The Weald and Downland Open Air Museum

Posted: August 23, 2009 in Ramblings

Surprisingly we somehow ended up without a single picture of this place!  Sorry.  I’ll put some generic trip pics at the bottom.  Click here to read about the museum on Wikipedia.

The museum is a collection of buildings from times gone by that have been dismantled and moved to the site in Singleton for preservation.  Alex and I were still jet-lagged, but we took him, Maddie, and of course our chauffeur Ant, to see it.  It was another scorcher. 

Actually, other than feeding the ducks at the mill pond, I’m finding my memories are sort of hot, hazy, and indistinct.  We saw a lot of old buildings.  Ha ha.  The mill is a working mill and they sell wheat grains to throw to the ducks and fish in the mill pond.  We sat there for a good hour, lazily flinging wheat to the ducks, looking around at the scenery, and relaxing; Alex perked up during the wheat-throwing and got his second wind to enter some buildings with Ant and learn about what was going on.

One of the areas was a brick-drying shed, which had placards about the different ways to lay bricks in decorative courses and also had a hands-on “build a brick wall” exhibit.  Alex liked that.  I liked that it was in the shade!  We also saw some examples of decorative stonework, metalwork and glasswork from the region.  There were thatched roofs in abundance, and it was interesting to look at them up close and see how the thatching was done.  Alex had never even heard of, or seen, thatched roofs, so he quite liked this.  We could also see inside some of the tiled roofs where wooden pegs were poked through the tiles, into the interior of the building, to hold the tiles in place.

One of our last stops was the dyeing shed, where I wanted to go and see what they had to say about dyeing yarn with natural dyes.  Mom has experimented with this at times, and all I could think about was Dad laughing about how fugitive these dyes are (meaning how quickly they fade).  “Some of them can last for months!” he always laughs, quoting some woman that taught a class they took.  Well, yes.  The man on the dye side of the house told a story about how woad (plant used for blue dye – I’m not sure if this is the same as indigo or not) needs to have a special mordant, and he said that in olden days, that mordant was young boys’ pee!  Since Alex was the only young boy in the room the man beckoned him to the front and handed him a porcelain jug with a wide “spout” on it (to urinate into).  Of course, Alex was still a bit fuzzy mentally because of the heat and jet-lag, and the man spoke with a heavy accent, so Alex just smiled weakly, not understanding, and the man took pity on him and sent him back to the audience while continuing his explanation.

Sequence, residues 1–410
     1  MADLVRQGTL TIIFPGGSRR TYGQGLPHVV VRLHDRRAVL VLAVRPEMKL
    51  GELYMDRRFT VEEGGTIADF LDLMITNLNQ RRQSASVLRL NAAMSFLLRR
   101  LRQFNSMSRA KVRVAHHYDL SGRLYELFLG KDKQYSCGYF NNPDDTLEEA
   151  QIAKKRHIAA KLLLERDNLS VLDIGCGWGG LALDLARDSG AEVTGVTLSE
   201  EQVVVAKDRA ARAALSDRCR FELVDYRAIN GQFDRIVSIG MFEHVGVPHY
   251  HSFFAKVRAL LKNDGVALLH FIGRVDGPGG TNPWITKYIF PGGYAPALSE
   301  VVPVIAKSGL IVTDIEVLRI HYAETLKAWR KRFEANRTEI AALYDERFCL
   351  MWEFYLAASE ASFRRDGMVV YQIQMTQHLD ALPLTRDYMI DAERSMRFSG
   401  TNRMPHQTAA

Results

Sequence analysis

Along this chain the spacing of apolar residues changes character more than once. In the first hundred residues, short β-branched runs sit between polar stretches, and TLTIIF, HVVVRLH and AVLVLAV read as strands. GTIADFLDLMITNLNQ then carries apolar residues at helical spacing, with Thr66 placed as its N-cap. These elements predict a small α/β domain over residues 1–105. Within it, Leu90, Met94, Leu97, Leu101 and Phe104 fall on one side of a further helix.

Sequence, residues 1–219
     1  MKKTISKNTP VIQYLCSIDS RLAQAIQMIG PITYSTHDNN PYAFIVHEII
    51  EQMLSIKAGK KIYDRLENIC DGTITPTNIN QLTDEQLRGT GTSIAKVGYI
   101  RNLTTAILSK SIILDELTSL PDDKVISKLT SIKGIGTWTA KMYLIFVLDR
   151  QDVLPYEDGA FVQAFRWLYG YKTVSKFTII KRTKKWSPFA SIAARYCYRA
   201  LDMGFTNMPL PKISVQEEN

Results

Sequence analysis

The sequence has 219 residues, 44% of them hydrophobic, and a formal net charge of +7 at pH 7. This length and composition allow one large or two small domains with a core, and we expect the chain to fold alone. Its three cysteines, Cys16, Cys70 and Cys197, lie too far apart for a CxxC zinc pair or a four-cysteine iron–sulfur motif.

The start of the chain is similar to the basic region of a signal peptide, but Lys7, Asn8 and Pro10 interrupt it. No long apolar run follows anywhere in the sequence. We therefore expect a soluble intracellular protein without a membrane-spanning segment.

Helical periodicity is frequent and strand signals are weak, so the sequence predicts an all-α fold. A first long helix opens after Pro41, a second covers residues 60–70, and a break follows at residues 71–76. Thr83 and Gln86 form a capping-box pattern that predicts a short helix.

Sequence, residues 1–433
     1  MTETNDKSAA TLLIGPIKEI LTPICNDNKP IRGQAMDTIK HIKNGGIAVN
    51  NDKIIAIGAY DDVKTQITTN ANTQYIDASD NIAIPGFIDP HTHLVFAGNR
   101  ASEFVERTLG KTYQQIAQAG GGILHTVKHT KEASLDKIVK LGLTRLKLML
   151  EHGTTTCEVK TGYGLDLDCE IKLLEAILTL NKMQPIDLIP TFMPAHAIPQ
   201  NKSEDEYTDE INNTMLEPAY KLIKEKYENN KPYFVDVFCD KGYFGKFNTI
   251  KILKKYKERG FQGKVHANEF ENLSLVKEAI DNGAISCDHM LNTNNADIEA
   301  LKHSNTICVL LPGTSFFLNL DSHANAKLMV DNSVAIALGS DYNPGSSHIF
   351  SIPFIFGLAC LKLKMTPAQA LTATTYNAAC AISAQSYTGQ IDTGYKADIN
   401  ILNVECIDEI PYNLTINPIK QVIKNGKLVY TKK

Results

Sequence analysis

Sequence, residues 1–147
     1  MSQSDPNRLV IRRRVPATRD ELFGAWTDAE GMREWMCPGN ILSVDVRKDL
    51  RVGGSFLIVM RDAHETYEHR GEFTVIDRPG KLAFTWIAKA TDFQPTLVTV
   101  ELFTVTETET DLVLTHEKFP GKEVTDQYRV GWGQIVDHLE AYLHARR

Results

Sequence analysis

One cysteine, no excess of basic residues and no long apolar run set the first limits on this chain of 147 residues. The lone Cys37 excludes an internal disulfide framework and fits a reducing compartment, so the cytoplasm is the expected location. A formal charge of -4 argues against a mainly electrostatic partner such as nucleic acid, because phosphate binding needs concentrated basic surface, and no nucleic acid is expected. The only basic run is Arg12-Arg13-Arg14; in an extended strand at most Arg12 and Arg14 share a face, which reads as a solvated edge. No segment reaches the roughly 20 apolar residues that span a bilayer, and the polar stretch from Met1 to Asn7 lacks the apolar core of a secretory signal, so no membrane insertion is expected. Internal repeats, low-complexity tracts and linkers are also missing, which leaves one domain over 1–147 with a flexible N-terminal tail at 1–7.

On the other side of the house, a lady had little pots of all the major plant-based dye colors, and kids could paint a little picture on a square of linen.  Alex painted a grass-sun-sky landscape.  I will scan it later and put it on this entry.

After this we had all about reached maximum tolerance, but Maddie and Ant took Alex back to the car while Chris and I whipped around to see some of the other things like the farmhouse and charcoal-burner’s camp.  One thing in particular astonished me and made me think about history a lot.  At home growing up we saw a lot of “early American” preserved sites like the Daniel Boone Homestead and whatnot.  These were almost always a one-story building, small, with 2 rooms, one a kitchen, one a living/sleeping area.  The DBH was built in 1731.  The farmhouse at Singleton, by contrast, was built in the 1500s and was much bigger and more elaborate.  I commented on the discrepancy, but Chris pointed out that English building infrastructure was securely in place by that time, so you could easily find carpenters, joiners, bricklayers, whatever, within reach of your project, whereas in the US it was pretty sparsely populated and you’d have to do everything yourself, or get your neighbors to help, and maybe your neighbors weren’t bricklayers or joiners.  So it makes sense, but it really made me feel that America was quite primitive for a very long time.

Some generic photos for you:

fish and chips big coffee  look like a fish

fake yawn  quiet time a family of hats

Tomorrow, the New Forest and Weymouth!

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